I find that bit fascinating, really intriguing, especially just how much the directors do listen to the process and how it affects the final film.

Finally, Tarantino reveals that he will give up directing when 35mm disappears, and the others are convinced he doesn't have long to go.

Quentin Tarantino: I would add more to that. If it actually gets to the place where you can't show 35mm film in theaters any more and everything is digital projection, I won't even make it to 60.
James Cameron: Oh. Nobody's told you? (Reaches out hand.)
Quentin Tarantino: It hasn't happened yet!
Jason Reitman: Let's not turn this into a fight.
Peter Jackson: It's coming down the pike pretty quickly, Quentin.
Quentin Tarantino: Well, maybe I've got one more.

I have to admit I hope that Tarantino is right and that 35mm holds on for a little longer, and although I'm happy with the introduction of digital, I'm not so happy with the introduction of 3D and motion capture as a staple addition to film, despite Avatar (Filmstalker review) making me see it in a completely different light. Tarantino will move to digital, I'm sure of that.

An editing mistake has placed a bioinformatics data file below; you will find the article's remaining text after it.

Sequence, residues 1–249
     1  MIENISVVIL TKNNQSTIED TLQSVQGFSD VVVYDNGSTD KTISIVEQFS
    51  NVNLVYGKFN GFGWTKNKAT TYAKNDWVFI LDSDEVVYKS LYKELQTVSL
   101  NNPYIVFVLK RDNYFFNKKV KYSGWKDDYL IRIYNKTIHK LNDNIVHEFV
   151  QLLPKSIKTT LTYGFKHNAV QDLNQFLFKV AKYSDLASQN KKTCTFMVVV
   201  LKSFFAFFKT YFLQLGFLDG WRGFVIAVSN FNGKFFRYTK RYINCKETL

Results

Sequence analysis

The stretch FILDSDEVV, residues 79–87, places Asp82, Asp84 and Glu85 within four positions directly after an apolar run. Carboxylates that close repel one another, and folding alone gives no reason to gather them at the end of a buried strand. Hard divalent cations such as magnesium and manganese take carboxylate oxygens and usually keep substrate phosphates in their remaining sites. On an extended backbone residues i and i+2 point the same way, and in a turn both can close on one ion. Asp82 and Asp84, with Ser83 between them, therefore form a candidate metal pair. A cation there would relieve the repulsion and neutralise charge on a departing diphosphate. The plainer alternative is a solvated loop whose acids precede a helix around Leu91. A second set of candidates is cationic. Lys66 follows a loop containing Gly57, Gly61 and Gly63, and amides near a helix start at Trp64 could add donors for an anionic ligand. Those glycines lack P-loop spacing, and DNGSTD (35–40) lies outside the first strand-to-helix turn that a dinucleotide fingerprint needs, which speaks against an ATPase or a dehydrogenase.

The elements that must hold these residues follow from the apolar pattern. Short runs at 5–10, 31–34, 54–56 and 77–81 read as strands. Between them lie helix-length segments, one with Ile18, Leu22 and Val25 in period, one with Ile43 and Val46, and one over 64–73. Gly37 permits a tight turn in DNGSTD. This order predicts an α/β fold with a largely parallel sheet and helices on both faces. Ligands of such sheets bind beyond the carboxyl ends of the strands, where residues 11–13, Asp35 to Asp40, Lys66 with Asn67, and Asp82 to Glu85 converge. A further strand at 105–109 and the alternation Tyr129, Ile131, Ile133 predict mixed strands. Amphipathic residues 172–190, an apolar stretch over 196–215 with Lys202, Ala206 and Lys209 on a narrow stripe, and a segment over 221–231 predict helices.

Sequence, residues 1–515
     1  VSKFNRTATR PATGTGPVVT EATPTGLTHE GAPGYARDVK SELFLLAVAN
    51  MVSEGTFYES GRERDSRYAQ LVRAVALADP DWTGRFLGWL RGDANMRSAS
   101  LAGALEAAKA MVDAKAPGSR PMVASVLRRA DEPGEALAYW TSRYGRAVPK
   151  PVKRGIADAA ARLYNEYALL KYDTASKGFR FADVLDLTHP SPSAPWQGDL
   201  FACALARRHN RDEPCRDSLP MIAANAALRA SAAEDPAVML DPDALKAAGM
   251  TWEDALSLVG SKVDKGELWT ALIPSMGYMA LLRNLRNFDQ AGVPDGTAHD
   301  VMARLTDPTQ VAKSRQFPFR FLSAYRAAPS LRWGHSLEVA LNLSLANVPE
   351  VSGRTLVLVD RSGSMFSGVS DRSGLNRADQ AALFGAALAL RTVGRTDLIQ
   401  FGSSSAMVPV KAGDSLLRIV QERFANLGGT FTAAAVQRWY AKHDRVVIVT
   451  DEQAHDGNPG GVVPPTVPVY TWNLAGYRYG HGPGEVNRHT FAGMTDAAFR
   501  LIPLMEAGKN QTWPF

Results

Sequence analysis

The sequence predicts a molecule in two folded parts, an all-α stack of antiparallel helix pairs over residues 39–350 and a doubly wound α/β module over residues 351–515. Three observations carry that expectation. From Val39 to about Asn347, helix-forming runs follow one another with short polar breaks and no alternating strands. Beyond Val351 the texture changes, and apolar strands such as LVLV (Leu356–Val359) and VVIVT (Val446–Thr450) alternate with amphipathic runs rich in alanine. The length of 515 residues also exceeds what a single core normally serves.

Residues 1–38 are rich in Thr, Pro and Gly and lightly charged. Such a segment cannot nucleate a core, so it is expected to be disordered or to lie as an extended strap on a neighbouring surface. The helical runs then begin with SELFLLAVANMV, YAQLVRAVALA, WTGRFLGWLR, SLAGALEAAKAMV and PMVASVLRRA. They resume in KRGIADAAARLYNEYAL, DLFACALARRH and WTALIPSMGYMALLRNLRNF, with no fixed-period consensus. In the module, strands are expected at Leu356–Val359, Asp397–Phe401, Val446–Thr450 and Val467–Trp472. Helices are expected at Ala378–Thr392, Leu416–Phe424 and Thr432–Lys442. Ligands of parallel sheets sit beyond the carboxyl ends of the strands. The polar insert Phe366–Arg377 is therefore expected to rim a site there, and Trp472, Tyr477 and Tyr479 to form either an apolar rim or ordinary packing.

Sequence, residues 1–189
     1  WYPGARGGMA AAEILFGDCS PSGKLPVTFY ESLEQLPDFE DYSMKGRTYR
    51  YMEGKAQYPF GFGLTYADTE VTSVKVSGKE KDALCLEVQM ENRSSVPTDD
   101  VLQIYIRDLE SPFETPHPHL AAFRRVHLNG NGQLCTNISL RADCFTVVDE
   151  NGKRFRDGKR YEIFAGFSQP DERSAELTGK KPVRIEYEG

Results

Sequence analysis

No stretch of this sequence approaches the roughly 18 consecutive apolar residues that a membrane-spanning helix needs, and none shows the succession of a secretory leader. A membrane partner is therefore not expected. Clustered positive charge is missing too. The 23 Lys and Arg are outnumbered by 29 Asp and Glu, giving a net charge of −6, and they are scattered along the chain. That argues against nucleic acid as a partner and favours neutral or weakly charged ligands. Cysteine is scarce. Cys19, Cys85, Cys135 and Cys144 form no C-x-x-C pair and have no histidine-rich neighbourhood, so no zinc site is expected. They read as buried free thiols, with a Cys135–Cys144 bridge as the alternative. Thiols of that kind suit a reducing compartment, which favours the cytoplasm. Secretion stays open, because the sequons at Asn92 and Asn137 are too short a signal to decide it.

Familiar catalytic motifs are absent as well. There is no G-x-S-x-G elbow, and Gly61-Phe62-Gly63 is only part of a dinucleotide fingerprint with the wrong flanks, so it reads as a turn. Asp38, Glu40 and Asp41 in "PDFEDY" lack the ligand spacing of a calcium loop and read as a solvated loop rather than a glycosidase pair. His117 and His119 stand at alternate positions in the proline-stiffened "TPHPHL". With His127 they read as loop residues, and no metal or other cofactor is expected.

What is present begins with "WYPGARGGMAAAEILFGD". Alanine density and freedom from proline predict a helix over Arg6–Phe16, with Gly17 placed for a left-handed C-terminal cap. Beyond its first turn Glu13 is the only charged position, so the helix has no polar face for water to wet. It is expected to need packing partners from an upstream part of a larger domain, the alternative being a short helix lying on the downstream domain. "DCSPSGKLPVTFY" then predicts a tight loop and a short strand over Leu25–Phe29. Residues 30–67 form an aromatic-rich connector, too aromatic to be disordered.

The videos from The Hollywood Reporter round table through are below. I'd thoroughly recommend watching them all and reading through the transcript, it's fascinating stuff and they really should release the whole video, or even better do more of them.

Many thanks to the Hollywood Reporter for setting this up.




Promotion


Comments

James Cameron for president!

James Cameron for president!

Promotion


Add a comment

Tagline

Site Navigation

Latest Stories

Partner

Vidahost image

Latest Reviews

Promotion

Filmstalker Poll

Promotion

Subscribe with...

AddThis Feed Button

Windows Live Alerts

Site Feeds

Subscribe to Filmstalker:

Filmstalker's FeedAll articles

Filmstalker's Reviews FeedReviews only

Filmstalker's Reviews FeedAudiocasts only

Subscribe to the Filmstalker Audiocast on iTunesAudiocasts on iTunes

Feed by email:

Contact

SkypeTwitterPlurkFacebookLinkedInIMDB

Help Out

Site Information

Creative Commons License
© www.filmstalker.co.uk

Give credit to your sources. Quote and credit, don't steal


Movable Type 3.34